Do Smart Speakers Make Smart Business Sense?

If you caught the Super Bowl earlier this month you probably noticed a few commercials for Amazon’s Alexa. While each commercial took a humorous approach featuring different failed Alexa-enabled products, one thing was true across all of them: Alexa’s a ubiquitous household name that’s no stranger within many of our homes. A recent TechCrunch report supports this idea showing that smart speakers reached a critical mass in 2018 with 41% of U.S. consumers owning a smart speaker device.

While the adoption of devices typically mean a new medium through which businesses can connect with their customers, smart speakers pose a tough question for businesses to try and answer: what’s the value in voice for business?

It’s a question that becomes even trickier to answer when device data shows us that the top tasks that smart speaker owners carry out today tend to be primarily for entertainment and personal benefit. Listening to music, checking the weather, performing online searches and asking ‘fun’ questions all top the list.

With a list like this, it can be easy to quickly dismiss smart speakers as a novelty item, but as quickly as these devices hit a critical mass, we’re going to see even greater reliance on these devices and broader uses for voice technology before we know it.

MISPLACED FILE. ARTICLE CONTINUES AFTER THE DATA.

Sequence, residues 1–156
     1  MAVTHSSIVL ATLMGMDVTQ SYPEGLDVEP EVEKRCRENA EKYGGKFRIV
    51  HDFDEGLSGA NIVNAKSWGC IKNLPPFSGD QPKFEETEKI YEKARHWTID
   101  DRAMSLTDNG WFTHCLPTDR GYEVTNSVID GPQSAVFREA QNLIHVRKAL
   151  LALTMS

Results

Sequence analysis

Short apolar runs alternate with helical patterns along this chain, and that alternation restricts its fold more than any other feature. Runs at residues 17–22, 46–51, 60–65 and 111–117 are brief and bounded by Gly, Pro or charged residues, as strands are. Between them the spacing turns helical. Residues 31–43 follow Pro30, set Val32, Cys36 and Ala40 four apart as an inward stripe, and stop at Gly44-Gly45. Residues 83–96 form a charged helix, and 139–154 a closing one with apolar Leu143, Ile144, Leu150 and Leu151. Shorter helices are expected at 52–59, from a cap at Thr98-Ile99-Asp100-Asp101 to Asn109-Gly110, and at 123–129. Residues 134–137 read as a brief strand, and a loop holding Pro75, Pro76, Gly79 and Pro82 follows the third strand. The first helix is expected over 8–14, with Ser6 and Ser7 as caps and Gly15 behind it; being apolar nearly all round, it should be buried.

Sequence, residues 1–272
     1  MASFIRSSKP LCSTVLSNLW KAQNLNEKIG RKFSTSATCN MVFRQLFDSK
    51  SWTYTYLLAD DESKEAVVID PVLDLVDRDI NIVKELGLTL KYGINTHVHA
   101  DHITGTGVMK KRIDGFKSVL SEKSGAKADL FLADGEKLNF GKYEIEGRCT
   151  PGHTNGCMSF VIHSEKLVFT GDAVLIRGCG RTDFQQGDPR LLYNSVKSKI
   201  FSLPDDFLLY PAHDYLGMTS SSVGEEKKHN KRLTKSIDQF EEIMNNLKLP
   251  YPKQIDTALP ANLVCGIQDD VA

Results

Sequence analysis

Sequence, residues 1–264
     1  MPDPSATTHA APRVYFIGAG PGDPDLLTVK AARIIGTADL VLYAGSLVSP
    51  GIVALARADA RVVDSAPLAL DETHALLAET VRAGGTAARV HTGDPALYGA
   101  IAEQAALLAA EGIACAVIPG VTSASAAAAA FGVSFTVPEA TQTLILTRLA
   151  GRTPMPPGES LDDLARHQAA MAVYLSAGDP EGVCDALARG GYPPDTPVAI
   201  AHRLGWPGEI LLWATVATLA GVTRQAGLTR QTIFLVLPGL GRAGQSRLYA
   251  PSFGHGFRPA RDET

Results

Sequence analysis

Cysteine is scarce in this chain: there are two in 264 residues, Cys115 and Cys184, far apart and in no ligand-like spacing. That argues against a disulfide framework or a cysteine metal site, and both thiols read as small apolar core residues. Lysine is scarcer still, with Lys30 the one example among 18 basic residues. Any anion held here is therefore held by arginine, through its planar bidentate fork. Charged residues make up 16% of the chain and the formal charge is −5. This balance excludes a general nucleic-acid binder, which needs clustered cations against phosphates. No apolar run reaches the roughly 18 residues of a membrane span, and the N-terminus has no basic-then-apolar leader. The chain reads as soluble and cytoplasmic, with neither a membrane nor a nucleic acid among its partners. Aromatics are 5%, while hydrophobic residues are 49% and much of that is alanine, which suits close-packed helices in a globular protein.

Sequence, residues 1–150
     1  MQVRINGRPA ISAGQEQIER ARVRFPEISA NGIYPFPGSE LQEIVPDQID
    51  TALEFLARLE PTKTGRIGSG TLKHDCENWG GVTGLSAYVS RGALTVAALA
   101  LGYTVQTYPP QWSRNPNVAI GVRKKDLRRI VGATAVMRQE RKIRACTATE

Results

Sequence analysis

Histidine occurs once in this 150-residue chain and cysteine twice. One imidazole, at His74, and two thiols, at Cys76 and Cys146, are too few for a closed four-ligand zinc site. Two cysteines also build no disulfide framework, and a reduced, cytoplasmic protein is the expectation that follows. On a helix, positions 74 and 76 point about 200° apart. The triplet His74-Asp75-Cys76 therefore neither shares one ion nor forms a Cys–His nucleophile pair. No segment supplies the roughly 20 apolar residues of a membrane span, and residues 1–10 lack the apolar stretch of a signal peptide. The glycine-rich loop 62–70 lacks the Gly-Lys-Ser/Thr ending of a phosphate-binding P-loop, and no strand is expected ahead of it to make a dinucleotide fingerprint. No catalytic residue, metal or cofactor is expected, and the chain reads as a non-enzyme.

Here’s a few reasons businesses should care about voice and smart speaker technology:

Talking > typing. Smartphone usage is evolving and more people turn to Siri, Cortana and others to help carry out tasks with nearly 70% of people using these assistants on their phone weekly, according to Forbes.

Search is evolving. By 2020, Gartner predicts that voice-activated searches will account for 30% of web-browsing sessions. If your business isn’t optimized to be found through voice search, you’ll be missing out on key traffic.

Machines go mainstream. Potentially the most important takeaway for businesses when it comes to smart speakers is how much we as humans are coming to rely and trust these devices – changing our overall interaction with machines. It’s a foundation that will make us more willing to control greater components of our lives and environments through technology in the future.

So while asking Alexa to play “Don’t Stop Believin” isn’t unlocking much value for businesses today, it is paving the way for a world that augments tasks and works alongside machines in their daily personal and professional lives seamlessly. And as more companies consider things such as IoT within their business strategy, consumer reliance on devices such as smart speakers and tools such as voice assistants is important in building this human-machine connection.

If your business is interested in voice, smart speakers or the impact on IoT, reach out. It’s a topic we’d love to chat about further.